You couldn’t really do ecology if you didn’t know how to construct even the most basic mathematical model — even a simple regression is a model (the non-random relationship of some variable to another). The good thing about even these simple models is that it is fairly straightforward to interpret the ‘strength’ of the relationship, in other words, how much variation in one thing can be explained by variation in another. Provided the relationship is real (not random), and provided there is at least some indirect causation implied (i.e., it is not just a spurious coincidence), then there are many simple statistics that quantify this strength — in the case of our simple regression, the coefficient of determination (R2) statistic is a usually a good approximation of this.

In the case of more complex multivariate correlation models, then sometimes the coefficient of determination is insufficient, in which case you might need to rely on statistics such as the proportion of deviance explained, or the marginal and/or conditional variance explained.

When you go beyond this correlative model approach and start constructing more mechanistic models that emulate ecological phenomena from the bottom-up, things get a little more complicated when it comes to quantifying the strength of relationships. Perhaps the most well-known category of such mechanistic models is the humble population viability analysis, abbreviated to PVA§.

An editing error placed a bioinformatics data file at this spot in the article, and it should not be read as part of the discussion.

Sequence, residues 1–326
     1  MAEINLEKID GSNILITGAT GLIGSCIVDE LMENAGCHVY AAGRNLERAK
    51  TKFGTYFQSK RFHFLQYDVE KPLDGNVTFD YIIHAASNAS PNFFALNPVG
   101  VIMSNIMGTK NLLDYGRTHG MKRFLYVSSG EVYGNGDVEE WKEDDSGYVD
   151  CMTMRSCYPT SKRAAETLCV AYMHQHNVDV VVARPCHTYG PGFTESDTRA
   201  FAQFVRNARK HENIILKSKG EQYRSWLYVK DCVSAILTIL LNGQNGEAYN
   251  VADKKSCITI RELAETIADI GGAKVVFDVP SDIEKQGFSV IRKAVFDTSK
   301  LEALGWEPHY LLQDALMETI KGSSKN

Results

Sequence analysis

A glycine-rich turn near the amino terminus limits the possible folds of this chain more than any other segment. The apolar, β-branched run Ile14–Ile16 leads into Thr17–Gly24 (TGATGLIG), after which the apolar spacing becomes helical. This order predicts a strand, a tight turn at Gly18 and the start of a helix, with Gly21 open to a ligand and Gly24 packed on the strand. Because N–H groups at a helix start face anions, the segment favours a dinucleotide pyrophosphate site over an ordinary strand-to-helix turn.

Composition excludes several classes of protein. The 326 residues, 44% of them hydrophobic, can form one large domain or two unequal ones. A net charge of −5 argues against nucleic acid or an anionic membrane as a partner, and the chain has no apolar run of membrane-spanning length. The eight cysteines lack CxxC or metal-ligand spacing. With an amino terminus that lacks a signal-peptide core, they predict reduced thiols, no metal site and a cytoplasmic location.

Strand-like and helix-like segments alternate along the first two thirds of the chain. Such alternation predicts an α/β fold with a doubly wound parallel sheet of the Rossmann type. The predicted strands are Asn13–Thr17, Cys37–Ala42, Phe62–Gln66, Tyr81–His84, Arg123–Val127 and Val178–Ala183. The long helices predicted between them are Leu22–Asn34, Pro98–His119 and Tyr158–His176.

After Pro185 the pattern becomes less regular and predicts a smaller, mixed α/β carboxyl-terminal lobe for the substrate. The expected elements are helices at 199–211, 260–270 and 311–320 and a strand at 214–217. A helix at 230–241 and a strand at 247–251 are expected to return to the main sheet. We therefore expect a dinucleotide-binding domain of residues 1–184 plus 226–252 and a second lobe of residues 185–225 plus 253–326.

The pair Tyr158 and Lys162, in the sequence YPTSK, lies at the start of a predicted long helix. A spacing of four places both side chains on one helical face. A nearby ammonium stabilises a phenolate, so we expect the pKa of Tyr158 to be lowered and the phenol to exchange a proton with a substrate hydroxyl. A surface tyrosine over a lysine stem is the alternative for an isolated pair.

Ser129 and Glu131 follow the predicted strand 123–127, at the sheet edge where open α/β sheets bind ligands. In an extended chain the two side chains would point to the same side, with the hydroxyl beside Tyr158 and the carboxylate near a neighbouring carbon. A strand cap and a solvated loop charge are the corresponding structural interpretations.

Let’s take the simple case of a four-parameter population model we could use to project population size over the next 10 years for an endangered species that we’re introducing to a new habitat. We’ll assume that we have the following information: the size of the founding (introduced) population (n), the juvenile survival rate (Sj, proportion juveniles surviving from birth to the first year), the adult survival rate (Sa, the annual rate of surviving adults to year 1 to maximum longevity), and the fertility rate of mature females (m, number of offspring born per female per reproductive cycle). Each one of these parameters has an associated uncertainty (ε) that combines both measurement error and environmental variation.

If we just took the mean value of each of these three demographic rates (survivals and fertility) and project a founding population of = 10 individuals for 1o years into the future, we would have a single, deterministic estimate of the average outcome of introducing 10 individuals. As we already know, however, the variability, or stochasticity, is more important than the average outcome, because uncertainty in the parameter values (ε) will mean that a non-negligible number of model iterations will result in the extinction of the introduced population. This is something that most conservationists will obviously want to minimise.